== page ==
Smith was born in Grayson County, Texas and grew up with a brother, who died at age nine, and two sisters.[1] He had two children from his first marriage, Aurelian, Jr. and a daughter. He later had two more children, Michael and Robin, with his second wife Marsha. Three of his children went on to become professional wrestlers: Aurelian, Jr. as Jake 'The Snake' Roberts, Michael as Sam Houston, and Robin as Rockin' Robin.[13] Smith briefly married again on June 22, 1992 this time to a woman named Michelle D. Hyde who was 24 years his junior. This marriage was finalized March 17, 1996.

Smith retired from wrestling and moved to Louisiana, where he shared a house with his son Michael in Metairie. Smith took on a job performing maintenance in a cemetery near New Orleans' French Quarter. The pair lost most of their possessions in the damage caused by Hurricane Katrina in 2005. They were able to salvage some footwear and canned food, but flooding destroyed the remainder of their belongings. Smith's health had been deteriorating for several years, and he developed a staphylococcal infection after scraping his leg the day before the storm hit. He was not able to get medical attention and almost lost his leg as a result.[1][14] Smith died of Alzheimer's disease on June 12, 2010 in Amarillo, Texas.[15]

Accusations from Jake Roberts[edit]

Smith had a strained relationship with his son Aurelian, Jr. (Jake Roberts), which Roberts stated was partially the result of his father not informing his children of the scripted nature of professional wrestling.[16] In an interview on Jake "The Snake" Roberts: Pick Your Poison, a video released by World Wrestling Entertainment, Roberts stated that his father convinced the family that his injuries in the ring were real and wore a neck brace at home to sell a storyline. On the same video, Roberts also stated that he was conceived when his father, who was dating Roberts' grandmother, raped her 13-year-old daughter (this was also stated in the documentary Beyond the Mat, which Roberts was also featured in).[17] He said that the two were forced to marry against their wishes and that the resulting emotional trauma is responsible for Roberts' substance abuse and his sister's mental health problems. At age 18, his sister married a man 35 years older than she was; the man's ex-wife later kidnapped and killed Roberts' sister.[18][19]

Accusations from Rockin' Robin[edit]

In the DVD documentary, Old School with Rockin' Robin, Robin details how she was sexually abused by her father, beginning at age 6 or 7. [20]

Championships and accomplishments[edit]

  • NWA Southern Tag Team Championship (Georgia version) (1 time) – with Luke Brown[3]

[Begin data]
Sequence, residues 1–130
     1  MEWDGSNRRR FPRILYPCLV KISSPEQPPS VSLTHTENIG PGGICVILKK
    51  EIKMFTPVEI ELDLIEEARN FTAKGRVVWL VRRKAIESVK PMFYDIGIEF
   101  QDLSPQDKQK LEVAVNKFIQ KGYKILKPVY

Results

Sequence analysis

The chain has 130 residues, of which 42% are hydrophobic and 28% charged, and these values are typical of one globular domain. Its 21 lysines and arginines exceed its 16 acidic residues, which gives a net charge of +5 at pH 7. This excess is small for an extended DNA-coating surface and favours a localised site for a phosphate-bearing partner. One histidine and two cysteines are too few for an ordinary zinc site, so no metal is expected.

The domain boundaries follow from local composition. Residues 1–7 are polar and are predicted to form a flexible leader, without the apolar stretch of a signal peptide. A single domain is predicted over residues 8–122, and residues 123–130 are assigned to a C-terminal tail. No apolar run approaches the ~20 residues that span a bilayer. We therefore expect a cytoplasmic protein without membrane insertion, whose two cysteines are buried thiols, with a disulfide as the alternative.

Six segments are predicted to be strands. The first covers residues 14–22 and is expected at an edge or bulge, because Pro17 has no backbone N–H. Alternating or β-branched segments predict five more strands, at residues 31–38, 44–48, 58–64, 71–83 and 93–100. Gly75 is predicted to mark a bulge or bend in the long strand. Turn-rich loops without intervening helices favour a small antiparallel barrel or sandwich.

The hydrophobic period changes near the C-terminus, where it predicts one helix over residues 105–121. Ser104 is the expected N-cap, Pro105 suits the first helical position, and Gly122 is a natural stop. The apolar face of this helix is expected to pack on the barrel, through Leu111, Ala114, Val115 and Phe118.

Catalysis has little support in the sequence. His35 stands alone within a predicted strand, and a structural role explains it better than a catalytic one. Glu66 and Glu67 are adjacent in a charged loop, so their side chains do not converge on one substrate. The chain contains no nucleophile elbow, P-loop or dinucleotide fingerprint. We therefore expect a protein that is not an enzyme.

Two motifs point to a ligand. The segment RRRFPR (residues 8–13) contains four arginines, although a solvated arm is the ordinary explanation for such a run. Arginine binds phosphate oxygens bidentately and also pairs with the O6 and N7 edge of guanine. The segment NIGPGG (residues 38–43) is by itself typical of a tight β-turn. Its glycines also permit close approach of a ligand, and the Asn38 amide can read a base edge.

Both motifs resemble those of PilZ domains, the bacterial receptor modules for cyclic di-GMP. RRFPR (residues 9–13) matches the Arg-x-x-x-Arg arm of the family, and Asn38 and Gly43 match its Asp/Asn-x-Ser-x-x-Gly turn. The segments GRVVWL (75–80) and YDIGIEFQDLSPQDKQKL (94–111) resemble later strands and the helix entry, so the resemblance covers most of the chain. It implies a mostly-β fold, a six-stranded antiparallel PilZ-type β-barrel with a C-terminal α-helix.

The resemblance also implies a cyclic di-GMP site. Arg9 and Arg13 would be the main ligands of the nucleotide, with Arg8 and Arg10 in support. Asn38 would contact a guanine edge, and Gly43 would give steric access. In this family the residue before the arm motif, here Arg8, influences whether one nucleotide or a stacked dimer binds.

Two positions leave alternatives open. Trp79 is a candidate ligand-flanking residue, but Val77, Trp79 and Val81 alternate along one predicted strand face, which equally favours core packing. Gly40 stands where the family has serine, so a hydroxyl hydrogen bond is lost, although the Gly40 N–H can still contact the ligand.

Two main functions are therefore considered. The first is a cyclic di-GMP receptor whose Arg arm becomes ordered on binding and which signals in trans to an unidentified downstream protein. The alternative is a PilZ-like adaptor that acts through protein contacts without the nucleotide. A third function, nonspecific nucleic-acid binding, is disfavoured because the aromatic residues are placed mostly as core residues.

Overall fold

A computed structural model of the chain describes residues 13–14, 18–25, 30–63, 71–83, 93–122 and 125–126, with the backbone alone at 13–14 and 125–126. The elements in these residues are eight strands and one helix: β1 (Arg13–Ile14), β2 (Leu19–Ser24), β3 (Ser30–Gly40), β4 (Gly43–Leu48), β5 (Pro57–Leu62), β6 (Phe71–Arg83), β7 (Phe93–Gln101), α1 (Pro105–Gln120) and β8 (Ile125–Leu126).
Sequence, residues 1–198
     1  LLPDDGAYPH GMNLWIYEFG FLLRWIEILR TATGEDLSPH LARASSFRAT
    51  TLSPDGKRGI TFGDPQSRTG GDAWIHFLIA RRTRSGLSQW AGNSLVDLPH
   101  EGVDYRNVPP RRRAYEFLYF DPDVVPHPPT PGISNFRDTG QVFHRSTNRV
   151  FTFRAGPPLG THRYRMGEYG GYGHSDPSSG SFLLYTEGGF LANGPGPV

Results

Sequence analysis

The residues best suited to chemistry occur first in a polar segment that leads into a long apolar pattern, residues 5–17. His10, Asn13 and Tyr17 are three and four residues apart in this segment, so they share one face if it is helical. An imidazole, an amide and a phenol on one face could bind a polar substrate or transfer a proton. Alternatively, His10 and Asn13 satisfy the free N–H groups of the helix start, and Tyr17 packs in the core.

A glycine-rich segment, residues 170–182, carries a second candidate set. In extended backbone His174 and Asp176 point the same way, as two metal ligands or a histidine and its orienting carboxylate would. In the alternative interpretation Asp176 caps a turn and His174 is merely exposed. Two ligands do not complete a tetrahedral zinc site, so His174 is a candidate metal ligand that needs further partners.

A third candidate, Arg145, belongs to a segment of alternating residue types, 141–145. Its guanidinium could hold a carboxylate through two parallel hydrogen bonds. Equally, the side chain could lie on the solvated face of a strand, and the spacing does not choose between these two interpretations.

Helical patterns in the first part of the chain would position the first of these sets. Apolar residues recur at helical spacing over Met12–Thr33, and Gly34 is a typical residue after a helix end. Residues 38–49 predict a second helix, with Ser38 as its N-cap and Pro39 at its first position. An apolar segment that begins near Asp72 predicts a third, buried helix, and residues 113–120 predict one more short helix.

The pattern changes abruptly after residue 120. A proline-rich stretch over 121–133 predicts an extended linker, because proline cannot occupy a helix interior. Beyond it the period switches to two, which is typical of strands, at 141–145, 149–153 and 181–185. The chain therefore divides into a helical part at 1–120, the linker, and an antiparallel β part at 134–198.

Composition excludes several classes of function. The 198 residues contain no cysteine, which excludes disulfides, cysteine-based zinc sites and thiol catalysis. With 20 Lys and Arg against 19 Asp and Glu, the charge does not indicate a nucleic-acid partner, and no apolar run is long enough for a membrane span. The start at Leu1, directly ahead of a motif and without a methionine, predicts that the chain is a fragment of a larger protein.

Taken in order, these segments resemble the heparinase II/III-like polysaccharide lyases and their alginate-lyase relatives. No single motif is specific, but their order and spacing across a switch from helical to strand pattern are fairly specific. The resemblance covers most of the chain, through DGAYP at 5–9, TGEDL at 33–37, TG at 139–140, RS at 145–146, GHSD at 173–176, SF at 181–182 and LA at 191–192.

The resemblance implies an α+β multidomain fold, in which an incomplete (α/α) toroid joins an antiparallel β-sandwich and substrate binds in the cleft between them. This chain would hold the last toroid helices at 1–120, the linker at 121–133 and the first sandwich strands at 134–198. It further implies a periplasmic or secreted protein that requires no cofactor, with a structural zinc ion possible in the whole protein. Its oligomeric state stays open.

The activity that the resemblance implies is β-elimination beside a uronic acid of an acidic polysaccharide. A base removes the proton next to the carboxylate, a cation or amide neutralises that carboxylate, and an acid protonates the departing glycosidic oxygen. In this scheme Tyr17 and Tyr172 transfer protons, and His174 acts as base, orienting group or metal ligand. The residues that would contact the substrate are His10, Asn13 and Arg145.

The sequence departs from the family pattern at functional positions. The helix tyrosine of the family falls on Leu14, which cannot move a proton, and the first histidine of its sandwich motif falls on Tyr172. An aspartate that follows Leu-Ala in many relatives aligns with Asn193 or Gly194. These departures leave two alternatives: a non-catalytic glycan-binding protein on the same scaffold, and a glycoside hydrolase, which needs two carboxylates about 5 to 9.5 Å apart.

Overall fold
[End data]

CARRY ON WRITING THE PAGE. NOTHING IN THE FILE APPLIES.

1. ^ a b c d e f g h i Johnson, Steve. "NWA Wrestling Legends Hall of Heroes: Grizzly Smith, Class of 2008". Mid-Atlantic Gateway. Retrieved 2009-03-17. 
  2. ^ a b c Martin, Adam (2008-11-14). "Southeastern Wrestling News, Notes, and Nostalgia: 11/13/2008". WrestleView. Retrieved 2009-03-25. 
  3. ^ a b "NWA Southern Tag Team Title (Georgia)". Wrestling Titles. Retrieved 2009-03-25. 
  4. ^ Mooneyham, Mike (2000-04-30). ""The Assassin" Tom Renesto". The Wrestling Gospel According to Mike Mooneyham. Archived from the original on November 14, 2008. Retrieved 2009-03-18. 
  5. ^ a b "WWA World Tag Team Title History". Solie's Wrestling Titles. Retrieved 2009-03-25. 
  6. ^ a b "AWA Midwest Tag Team Title". Wrestling Titles. Retrieved 2009-03-25. 
  7. ^ a b "NWA Canadian Tag Team Title History". Solie's Wrestling Titles. Retrieved 2009-03-25. 
  8. ^ a b c "NWA Texas Heavyweight Title History". Solie's Wrestling Titles. 
  9. ^ a b c "WCCW/NWA American Tag Team Title History". Solie's Wrestling Titles. Retrieved 2009-03-25. 
  10. ^ a b "NWA United States Tag Team Title (Tri-State)". Wrestling Titles. Retrieved 2009-03-25. 
  11. ^ "Mid-South (Oklahoma, Arkansas, Louisiana, & Mississippi)". Wrestling Titles. Retrieved 2009-03-17. 
  12. ^ Watts, Bill; Scott Williams (2006). The Cowboy and the Cross: The Bill Watts Story: Rebellion, Wrestling and Redemption. ECW Press. p. 130. ISBN 1-55022-708-4. 
  13. ^ Kelley, Patrick (2009-02-25). "Sam Houston talks about his life after wrestling". Figure Four Wrestling. Retrieved 2009-03-18. 
  14. ^ Johnson, Steven (2006-03-01). "Sam Houston and Grizzly Smith rebuild their lives". SLAM! Wrestling. 
  15. ^ Cauliflower Alley Club: Remembering those we have lost in 2010
  16. ^ Oliver, Greg; Steven Johnson (2007). The Pro Wrestling Hall of Fame: The Heels. ECW Press. p. 312. ISBN 1-55022-759-9. 
  17. ^
  18. ^ Jake "The Snake" Roberts – Pick Your Poison. World Wrestling Entertainment. 2005. 
  19. ^ Nation, Ryan (2005-12-04). "Jake 'The Snake' DVD doesn't disappoint". Slam! Sports. Canadian Online Explorer. 
  20. ^ Steve Corino Presents Old School with Rockin' Robin. Highspots Inc. 2010.